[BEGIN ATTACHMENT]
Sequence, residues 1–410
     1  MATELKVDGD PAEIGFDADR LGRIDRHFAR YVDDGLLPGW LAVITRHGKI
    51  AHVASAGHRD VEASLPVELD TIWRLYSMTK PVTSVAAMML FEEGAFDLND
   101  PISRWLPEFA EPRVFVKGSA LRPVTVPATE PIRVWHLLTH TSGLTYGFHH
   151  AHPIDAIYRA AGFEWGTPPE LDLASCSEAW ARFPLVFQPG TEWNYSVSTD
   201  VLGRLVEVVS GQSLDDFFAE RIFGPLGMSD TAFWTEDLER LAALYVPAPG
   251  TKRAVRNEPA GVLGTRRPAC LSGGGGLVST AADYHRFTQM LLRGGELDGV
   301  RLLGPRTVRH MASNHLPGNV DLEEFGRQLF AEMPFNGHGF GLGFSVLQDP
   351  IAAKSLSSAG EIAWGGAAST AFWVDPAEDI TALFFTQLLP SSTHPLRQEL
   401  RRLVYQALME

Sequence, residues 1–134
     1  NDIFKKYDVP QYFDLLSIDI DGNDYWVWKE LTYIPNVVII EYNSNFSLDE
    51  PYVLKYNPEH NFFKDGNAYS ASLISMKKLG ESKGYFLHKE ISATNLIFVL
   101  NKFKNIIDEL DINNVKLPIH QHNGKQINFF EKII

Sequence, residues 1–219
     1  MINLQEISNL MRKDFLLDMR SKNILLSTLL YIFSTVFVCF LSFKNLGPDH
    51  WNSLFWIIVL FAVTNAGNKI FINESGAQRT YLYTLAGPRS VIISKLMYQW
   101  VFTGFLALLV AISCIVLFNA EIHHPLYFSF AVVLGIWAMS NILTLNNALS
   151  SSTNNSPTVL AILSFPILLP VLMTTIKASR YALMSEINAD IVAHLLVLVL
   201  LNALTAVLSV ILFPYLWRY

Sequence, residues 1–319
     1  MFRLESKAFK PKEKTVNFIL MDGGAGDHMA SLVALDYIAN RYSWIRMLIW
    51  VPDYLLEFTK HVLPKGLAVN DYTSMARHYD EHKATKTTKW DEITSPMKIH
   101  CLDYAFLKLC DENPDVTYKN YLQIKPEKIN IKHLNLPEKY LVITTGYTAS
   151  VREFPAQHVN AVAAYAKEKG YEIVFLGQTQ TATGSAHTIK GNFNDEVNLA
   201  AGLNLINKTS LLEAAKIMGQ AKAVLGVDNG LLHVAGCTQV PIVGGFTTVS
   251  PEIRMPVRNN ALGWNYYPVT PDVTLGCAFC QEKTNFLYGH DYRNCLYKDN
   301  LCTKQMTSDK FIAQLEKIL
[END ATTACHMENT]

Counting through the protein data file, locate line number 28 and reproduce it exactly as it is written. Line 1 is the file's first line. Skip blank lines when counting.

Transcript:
   301  LCTKQMTSDK FIAQLEKIL